Treatment of Anxiety
Overcoming high levels of anxiety is perhaps the most prevalent of client accomplishments I see in my practice. I have had the honour of providing support and guidance for many courageous and hard-working clients over the years who have faced, battled and conquered anxiety. Their strength, perseverance and collaboration in this process truly inspires me and helps to fuel our work together. The clients I counsel work hard to implement the research-backed, cognitive-behavioural and mindfulness strategies that are gained through therapy. Witnessing so many clients implement this approach successfully routinely reinforces my strong belief in the appropriateness and effectiveness of a cognitive-behavioural approach to treating this very challenging life difficulty.
Not all forms of anxiety are detrimental. In fact, anxiety at an optimal level can be quite useful in our lives. However, when anxiety reaches clinical levels and is having a negative impact on daily functioning, formal intervention is required whether or not a formal diagnosis of an anxiety disorder has been made.
Although researchers don’t know exactly why some people experience anxiety disorders, they do know that there are various factors involved. Like many other mental health conditions, anxiety disorders seem to be a result of a combination of biological, psychological, and other individual factors.
How we think and react to certain situations can affect anxiety. Some people may perceive certain situations to be more dangerous than they actually are (e.g., fear of flying). Others may have had a bad experience and they fear this will happen again (e.g., a dog bite). Some psychologists believe that childhood experiences can also contribute to anxiety.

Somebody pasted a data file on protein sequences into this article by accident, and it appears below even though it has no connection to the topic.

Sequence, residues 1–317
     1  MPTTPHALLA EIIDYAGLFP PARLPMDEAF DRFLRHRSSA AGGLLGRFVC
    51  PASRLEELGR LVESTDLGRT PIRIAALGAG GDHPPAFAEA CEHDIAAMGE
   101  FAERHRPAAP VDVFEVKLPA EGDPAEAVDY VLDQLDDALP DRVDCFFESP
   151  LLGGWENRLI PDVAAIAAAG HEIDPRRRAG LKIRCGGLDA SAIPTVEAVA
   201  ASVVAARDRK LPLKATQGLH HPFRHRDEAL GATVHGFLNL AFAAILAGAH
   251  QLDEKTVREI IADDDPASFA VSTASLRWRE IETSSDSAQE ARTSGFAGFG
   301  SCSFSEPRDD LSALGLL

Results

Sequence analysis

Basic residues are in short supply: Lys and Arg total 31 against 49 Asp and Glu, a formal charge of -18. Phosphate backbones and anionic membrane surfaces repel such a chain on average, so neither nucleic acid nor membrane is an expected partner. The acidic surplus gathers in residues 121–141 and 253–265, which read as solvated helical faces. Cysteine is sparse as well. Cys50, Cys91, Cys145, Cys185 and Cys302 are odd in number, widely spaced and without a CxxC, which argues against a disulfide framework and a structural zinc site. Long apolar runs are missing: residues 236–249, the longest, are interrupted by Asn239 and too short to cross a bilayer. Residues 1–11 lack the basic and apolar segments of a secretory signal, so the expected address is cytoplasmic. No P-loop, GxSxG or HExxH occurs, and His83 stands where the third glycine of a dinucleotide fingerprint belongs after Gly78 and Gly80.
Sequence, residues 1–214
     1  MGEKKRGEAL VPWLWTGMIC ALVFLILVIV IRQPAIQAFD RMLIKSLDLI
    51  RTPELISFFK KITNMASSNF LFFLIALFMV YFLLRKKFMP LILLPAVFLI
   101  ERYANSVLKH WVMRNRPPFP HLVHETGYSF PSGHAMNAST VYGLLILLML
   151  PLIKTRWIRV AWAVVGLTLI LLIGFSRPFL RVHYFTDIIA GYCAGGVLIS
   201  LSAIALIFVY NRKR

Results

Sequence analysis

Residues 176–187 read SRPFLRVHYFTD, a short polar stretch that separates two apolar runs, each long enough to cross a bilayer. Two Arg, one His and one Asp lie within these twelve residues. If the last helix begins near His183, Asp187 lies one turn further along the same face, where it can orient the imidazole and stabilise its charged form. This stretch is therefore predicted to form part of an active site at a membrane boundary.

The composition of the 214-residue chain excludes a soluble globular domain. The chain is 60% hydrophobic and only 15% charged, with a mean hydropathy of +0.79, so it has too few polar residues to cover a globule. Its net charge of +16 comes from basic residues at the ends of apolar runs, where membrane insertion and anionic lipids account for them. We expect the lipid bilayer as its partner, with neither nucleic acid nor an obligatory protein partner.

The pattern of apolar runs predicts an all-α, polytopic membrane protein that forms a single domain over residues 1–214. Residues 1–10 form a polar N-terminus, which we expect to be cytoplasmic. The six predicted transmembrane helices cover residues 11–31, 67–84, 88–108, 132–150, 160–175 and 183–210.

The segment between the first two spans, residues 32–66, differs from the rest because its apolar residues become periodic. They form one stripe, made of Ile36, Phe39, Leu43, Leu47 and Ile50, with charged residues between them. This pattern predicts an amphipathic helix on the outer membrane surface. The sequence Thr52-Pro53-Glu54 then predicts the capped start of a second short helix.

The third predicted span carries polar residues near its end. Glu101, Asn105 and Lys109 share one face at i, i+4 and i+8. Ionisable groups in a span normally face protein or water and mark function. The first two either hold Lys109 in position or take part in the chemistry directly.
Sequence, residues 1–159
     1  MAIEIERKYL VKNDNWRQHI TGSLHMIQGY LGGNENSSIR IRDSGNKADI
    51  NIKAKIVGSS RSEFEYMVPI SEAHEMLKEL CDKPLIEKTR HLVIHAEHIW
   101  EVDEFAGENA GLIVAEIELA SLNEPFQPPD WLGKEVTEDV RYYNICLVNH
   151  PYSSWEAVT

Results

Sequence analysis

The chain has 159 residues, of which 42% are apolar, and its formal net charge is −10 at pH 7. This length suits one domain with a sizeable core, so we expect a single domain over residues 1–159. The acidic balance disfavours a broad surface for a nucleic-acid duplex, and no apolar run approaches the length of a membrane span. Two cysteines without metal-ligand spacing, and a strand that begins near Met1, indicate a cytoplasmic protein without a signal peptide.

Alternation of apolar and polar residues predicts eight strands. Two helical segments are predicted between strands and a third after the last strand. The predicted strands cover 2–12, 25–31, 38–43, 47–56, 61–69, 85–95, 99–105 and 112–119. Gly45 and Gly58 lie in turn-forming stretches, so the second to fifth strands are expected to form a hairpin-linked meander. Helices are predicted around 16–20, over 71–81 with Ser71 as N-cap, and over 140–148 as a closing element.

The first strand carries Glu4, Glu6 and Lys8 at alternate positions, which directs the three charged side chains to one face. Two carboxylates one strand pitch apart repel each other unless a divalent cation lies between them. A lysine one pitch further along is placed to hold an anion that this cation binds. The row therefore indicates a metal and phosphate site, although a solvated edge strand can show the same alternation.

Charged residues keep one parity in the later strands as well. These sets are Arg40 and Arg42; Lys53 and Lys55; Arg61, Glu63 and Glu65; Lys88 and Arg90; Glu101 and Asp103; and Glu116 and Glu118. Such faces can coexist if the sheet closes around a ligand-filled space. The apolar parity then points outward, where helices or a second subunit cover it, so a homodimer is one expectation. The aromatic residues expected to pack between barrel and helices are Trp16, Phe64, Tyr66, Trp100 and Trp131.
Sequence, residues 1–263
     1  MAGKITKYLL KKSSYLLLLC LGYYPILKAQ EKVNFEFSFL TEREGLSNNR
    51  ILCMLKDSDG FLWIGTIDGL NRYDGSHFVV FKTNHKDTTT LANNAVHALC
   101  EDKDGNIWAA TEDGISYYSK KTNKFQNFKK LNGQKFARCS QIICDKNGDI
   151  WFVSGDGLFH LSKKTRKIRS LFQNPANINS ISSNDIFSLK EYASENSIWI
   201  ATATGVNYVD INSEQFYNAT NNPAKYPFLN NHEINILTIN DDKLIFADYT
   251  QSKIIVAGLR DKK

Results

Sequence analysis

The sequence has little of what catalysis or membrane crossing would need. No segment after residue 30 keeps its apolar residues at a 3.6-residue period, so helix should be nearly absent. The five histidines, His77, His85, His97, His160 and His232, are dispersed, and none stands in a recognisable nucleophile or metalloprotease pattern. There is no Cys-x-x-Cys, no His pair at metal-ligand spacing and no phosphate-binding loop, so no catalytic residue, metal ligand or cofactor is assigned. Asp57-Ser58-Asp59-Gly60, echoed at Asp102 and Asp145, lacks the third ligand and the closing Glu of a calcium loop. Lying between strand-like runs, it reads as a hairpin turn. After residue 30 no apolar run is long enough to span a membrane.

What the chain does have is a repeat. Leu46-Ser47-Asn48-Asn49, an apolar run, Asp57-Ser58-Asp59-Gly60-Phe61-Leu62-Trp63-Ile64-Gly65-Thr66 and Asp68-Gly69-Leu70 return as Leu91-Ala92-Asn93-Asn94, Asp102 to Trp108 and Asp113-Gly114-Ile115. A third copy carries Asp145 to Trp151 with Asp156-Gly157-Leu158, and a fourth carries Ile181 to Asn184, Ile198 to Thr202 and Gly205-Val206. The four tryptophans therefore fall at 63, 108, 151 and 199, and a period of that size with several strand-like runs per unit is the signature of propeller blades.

Researchers know that problems with brain chemistry can contribute to the development of anxiety disorders. Certain neurotransmitters (chemical messengers) in the brain involved in anxiety include serotonin, norepinephrine, and gamma-aminobutyric acid (GABA). Researchers have also shown that changes in activity in certain areas of the brain are involved in anxiety. Many anxiety disorders run in families and likely have a genetic cause.
Certain medical conditions such as anemia and thyroid problems can also cause symptoms of anxiety. As well, other factors such as caffeine, alcohol, and certain medications can cause anxiety symptoms.
Traumatic life events such as the death of a family member, witnessing a death, war, and natural disasters such as hurricanes and earthquakes may trigger anxiety disorders.
The good news is that anxiety is highly treatable. Happily, I have found that it frequently improves quite quickly if the strategies provided are implemented thoroughly and daily during treatment. No one needs to suffer anxiety alone or for a prolonged period of time. I am dedicated to supporting my clients as they move out of anxiety and into a healthier, happier way of functioning.
*Sections of this write-up regarding "anxiety disorders" courtesy of the Canadian Mental Health Association